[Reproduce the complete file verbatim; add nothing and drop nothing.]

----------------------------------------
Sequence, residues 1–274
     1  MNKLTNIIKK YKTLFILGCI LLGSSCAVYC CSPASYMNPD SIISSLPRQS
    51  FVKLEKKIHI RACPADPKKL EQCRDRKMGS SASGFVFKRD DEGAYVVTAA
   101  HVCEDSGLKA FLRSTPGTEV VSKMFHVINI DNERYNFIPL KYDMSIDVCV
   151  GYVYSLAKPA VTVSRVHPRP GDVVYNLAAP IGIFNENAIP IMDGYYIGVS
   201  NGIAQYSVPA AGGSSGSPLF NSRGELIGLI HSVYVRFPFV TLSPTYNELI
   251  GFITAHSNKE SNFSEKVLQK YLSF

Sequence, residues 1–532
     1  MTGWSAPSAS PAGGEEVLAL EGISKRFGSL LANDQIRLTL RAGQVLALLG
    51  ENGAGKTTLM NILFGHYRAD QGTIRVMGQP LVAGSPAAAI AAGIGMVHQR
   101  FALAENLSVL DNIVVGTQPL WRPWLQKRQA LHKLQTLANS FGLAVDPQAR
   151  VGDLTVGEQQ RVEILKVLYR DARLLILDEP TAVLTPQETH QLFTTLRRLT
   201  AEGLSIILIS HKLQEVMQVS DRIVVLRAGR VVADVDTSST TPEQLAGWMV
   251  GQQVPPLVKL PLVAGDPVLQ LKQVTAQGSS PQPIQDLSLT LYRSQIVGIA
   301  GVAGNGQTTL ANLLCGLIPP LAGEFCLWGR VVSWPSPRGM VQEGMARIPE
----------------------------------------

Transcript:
Sequence, residues 1–274
     1  MNKLTNIIKK YKTLFILGCI LLGSSCAVYC CSPASYMNPD SIISSLPRQS
    51  FVKLEKKIHI RACPADPKKL EQCRDRKMGS SASGFVFKRD DEGAYVVTAA
   101  HVCEDSGLKA FLRSTPGTEV VSKMFHVINI DNERYNFIPL KYDMSIDVCV
   151  GYVYSLAKPA VTVSRVHPRP GDVVYNLAAP IGIFNENAIP IMDGYYIGVS
   201  NGIAQYSVPA AGGSSGSPLF NSRGELIGLI HSVYVRFPFV TLSPTYNELI
   251  GFITAHSNKE SNFSEKVLQK YLSF

Sequence, residues 1–532
     1  MTGWSAPSAS PAGGEEVLAL EGISKRFGSL LANDQIRLTL RAGQVLALLG
    51  ENGAGKTTLM NILFGHYRAD QGTIRVMGQP LVAGSPAAAI AAGIGMVHQR
   101  FALAENLSVL DNIVVGTQPL WRPWLQKRQA LHKLQTLANS FGLAVDPQAR
   151  VGDLTVGEQQ RVEILKVLYR DARLLILDEP TAVLTPQETH QLFTTLRRLT
   201  AEGLSIILIS HKLQEVMQVS DRIVVLRAGR VVADVDTSST TPEQLAGWMV
   251  GQQVPPLVKL PLVAGDPVLQ LKQVTAQGSS PQPIQDLSLT LYRSQIVGIA
   301  GVAGNGQTTL ANLLCGLIPP LAGEFCLWGR VVSWPSPRGM VQEGMARIPE